I-Search #160: Zero Day Down

                    I-Search Discussion List
            "Social Search Marketing and Technology"
Moderator:                                          Published by:
Detlef Johnson                                        Search Return
February 26, 2013                                   I-Search #160
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             "Zero Day Down"
			 ~ I-Search


// -- NEW DISCUSSION -- //


==> Zero Day Down

From: I-Search <>

The Burger King ‘hack’ from last week made the New York Times on 
Monday. The thing about password systems these days is that the 
Internet presents some headache for web designers, and exposes 
brands to service breaches. Why make users go through complicated 
pass routines? Imagine if your Facebook password was compromised. 
Think about how many services you use which are connected to 
Facebook authentication, used to log you in. When authenticated 
via Facebook, a saboteur can run around the Web to see what else 
that gets them access to. Trolls Gone Wild.

To avoid havoc for your brand make sure you have a good password 
routine yourself, and don't rely on services to provide 2-step 
authentication or perfect security. Breaches are bound to happen 
and this is the year that security comes up on everyone's radar. 
This is the year that in social media, and even in search, issues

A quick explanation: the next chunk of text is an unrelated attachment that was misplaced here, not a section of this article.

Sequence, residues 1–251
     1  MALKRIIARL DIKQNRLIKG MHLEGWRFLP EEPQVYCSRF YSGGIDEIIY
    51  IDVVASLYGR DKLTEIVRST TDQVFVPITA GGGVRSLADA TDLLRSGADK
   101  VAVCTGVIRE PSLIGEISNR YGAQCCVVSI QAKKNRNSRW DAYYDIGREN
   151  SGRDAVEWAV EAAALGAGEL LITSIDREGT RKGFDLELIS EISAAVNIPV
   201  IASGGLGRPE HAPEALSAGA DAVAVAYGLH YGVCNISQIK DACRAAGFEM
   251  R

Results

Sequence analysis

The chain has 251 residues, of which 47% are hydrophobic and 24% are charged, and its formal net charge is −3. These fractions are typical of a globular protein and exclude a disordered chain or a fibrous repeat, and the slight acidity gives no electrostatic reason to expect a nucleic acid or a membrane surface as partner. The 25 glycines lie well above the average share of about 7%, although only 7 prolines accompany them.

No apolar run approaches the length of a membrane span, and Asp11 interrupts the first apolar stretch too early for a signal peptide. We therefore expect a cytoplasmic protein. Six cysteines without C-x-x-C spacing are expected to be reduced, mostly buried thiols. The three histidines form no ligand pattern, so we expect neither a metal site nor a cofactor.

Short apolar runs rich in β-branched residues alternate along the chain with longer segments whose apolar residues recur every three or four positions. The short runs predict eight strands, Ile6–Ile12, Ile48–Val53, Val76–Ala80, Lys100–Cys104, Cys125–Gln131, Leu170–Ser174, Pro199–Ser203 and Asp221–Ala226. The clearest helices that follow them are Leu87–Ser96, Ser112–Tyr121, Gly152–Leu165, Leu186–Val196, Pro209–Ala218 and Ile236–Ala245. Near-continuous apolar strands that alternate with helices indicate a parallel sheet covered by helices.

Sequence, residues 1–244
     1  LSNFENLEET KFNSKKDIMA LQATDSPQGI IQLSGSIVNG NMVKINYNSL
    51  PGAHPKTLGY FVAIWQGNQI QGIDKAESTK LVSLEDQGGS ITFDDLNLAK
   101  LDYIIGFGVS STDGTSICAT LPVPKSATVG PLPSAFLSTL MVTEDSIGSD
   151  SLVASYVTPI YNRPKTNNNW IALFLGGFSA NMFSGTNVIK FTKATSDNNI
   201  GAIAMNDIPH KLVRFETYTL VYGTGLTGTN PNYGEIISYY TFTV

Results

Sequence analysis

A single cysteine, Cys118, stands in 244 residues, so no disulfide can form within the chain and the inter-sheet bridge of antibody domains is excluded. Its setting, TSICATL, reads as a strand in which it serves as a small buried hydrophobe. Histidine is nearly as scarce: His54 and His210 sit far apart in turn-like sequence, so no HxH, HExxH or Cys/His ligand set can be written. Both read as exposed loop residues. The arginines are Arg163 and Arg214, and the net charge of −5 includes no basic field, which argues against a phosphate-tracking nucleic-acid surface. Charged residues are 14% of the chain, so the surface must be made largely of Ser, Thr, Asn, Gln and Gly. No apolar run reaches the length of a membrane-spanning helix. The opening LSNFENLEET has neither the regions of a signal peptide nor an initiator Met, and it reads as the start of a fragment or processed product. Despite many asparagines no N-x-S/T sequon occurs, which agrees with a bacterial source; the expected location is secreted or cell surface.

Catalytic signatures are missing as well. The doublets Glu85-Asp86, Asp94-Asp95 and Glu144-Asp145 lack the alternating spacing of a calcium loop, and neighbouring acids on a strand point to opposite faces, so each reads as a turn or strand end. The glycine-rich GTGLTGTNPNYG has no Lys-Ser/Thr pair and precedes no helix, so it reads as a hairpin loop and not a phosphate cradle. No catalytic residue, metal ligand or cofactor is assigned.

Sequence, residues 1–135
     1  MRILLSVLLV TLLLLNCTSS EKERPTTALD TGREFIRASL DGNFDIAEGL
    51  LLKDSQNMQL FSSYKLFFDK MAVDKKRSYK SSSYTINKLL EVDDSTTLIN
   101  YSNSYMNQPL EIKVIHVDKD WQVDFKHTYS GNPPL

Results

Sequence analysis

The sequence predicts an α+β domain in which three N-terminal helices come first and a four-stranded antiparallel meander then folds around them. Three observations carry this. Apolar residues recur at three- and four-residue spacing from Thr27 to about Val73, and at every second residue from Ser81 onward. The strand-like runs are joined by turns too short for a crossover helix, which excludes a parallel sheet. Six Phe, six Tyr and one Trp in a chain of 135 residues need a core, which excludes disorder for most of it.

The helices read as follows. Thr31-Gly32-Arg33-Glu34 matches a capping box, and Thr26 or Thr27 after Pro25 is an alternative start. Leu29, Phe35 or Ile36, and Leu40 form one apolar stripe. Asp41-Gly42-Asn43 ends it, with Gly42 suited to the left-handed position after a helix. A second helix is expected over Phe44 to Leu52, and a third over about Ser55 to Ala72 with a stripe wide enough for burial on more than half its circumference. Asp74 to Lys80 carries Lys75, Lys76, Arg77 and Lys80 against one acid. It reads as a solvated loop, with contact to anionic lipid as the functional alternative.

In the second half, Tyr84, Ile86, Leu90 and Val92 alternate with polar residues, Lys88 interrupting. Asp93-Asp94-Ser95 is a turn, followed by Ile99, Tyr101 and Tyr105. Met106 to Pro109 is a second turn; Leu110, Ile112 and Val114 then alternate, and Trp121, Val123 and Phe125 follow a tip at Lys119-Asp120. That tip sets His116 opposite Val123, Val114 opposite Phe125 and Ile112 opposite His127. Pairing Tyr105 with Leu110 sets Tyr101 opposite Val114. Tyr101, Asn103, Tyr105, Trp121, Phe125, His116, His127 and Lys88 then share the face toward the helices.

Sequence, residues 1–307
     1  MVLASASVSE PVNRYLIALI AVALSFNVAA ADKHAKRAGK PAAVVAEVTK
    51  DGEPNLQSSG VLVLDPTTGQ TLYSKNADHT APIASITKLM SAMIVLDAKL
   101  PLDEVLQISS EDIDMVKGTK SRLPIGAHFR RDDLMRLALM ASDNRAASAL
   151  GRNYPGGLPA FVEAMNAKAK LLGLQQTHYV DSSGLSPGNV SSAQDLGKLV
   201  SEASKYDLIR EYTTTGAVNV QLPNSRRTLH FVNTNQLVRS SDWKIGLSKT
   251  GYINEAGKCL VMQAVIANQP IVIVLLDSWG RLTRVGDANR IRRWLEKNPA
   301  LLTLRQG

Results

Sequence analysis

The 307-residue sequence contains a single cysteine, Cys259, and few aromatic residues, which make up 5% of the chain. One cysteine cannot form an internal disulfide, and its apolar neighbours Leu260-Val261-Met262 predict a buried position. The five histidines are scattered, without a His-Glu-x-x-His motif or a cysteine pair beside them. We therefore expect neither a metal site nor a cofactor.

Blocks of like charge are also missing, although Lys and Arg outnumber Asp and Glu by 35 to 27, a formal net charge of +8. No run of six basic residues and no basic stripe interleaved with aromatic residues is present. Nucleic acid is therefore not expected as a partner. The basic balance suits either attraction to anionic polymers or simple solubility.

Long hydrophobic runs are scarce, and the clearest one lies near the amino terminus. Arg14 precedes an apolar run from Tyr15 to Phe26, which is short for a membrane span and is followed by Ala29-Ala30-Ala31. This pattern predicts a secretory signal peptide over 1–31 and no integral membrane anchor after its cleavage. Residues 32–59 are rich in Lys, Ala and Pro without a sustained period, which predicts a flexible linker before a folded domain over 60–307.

surrounding security come to the fore. It's not new. Breaches of 
accounts have happened, including, by example, the White House 
Google Webmaster Tools account. What I'm saying is the frequency 
with which these attacks are going to surface will increase this 
year. Hacking has gotten far more sophisticated than defense.

The thing that is crucial to understand about software meant to 
protect your computer or network, is that it is always out of 
date, even when it is kept up to date. There is a market for 
software vulnerabilities that fetch high bids from all manner of 
organizations when an exploit goes unnoticed and unattended. The 
US government even makes use of such exploits, known as zero day 
for the amount of time manufacturers have an awareness about the 
security hole. It's virtually impossible to work on a computer 
without software, and software will have vulnerabilities. All 
security manufacturers want to find their vulnerabilities first.

Sometimes, there is a software that is unnecessary in your world. 
That is why I recommend not having software installed that you 
aren't sure you absolutely need. I've written about not having 
blog plugins that you don't fully know, since they can contain 
nefarious code payloads (for being free). Software is the same 
way. When a software goes unused, why keep it around? There are 
strategies for doing this for middleware software you might use 
but only part of the time. An example of that is the recent rash 
of Java security bulletins have given rise to a lot of removal 
and strategies for running Java.


Stay Tuned.

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